Vicious-looking remnants of spiked metal devices used by the Nazis to tattoo prisoners have joined the Auschwitz Museum collection.

The devices consist of metal plates armed with needles a few millimeters long that fit into a mechanical stamp, thus creating a specific digit. The stamp would be dipped in ink and pressed against the skin. A blow with the inked stamp pushed the needles into the skin, injecting the ink. At first the stamps were administered to the chest, and later to the left forearm.

The original tattoo stamps had been believed to be long-lost and even now, "The finding, collected in the area of the camp evacuation route, is incomplete," Elzbieta Cajzer told the museum.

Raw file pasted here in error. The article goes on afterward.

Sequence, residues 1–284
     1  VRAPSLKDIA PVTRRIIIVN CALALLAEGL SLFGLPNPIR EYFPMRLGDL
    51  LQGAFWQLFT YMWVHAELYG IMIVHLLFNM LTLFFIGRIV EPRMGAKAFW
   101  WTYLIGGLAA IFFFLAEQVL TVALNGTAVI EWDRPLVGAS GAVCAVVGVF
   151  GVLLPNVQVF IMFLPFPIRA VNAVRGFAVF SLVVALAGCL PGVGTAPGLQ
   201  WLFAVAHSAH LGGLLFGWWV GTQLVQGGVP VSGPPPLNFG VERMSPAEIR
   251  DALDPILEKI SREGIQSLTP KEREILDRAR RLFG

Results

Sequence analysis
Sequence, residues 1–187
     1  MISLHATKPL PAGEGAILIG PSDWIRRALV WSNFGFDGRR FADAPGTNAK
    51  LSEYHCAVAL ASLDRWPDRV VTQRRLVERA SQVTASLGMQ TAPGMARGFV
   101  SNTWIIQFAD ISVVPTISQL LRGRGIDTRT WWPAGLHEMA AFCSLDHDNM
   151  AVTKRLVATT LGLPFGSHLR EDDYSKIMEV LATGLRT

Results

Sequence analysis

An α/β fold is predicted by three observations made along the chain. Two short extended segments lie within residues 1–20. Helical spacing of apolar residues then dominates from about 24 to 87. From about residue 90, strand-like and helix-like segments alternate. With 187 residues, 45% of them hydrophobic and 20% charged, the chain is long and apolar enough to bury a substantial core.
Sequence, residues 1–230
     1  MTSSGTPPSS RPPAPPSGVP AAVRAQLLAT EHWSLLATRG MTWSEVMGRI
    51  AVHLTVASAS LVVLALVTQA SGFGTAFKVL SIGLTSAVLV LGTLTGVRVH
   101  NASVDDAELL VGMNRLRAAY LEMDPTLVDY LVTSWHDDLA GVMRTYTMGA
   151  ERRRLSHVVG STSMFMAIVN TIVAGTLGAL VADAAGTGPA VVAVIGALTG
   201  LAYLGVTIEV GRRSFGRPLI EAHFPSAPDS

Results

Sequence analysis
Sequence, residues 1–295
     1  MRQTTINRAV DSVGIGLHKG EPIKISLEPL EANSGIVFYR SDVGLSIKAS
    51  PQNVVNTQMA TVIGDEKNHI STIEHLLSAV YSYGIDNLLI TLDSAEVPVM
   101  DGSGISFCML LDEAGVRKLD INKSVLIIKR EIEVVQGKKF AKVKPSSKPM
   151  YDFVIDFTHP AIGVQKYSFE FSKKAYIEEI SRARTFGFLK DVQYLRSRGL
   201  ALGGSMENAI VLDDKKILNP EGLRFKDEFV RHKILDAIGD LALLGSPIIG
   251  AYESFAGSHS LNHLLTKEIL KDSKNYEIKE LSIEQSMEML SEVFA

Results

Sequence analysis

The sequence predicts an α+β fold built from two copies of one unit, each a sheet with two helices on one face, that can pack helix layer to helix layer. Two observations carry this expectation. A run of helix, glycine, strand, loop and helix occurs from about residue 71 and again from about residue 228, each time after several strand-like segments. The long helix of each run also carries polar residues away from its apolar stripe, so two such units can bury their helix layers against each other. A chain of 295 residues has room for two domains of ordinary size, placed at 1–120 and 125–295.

Tattooed digits are a hallmark of many Holocaust survivors. The Nazi camps, notably Auschwitz, began by marking the clothing of inmates with their specific numbers but found that inefficient as clothing passed from the dead to the living. Auschwitz therefore began the practice of tattooing the inmates' chests and later, their forearms. Some Jews had a triangle added to their tattoo.

In Israel, some members of younger generations have begun having numbers tattooed in gray-blue on their forearms as a mark of respect, and identification with survivors of the Holocaust. Not everybody views this practice positively, however; some call it tasteless and disrespectful.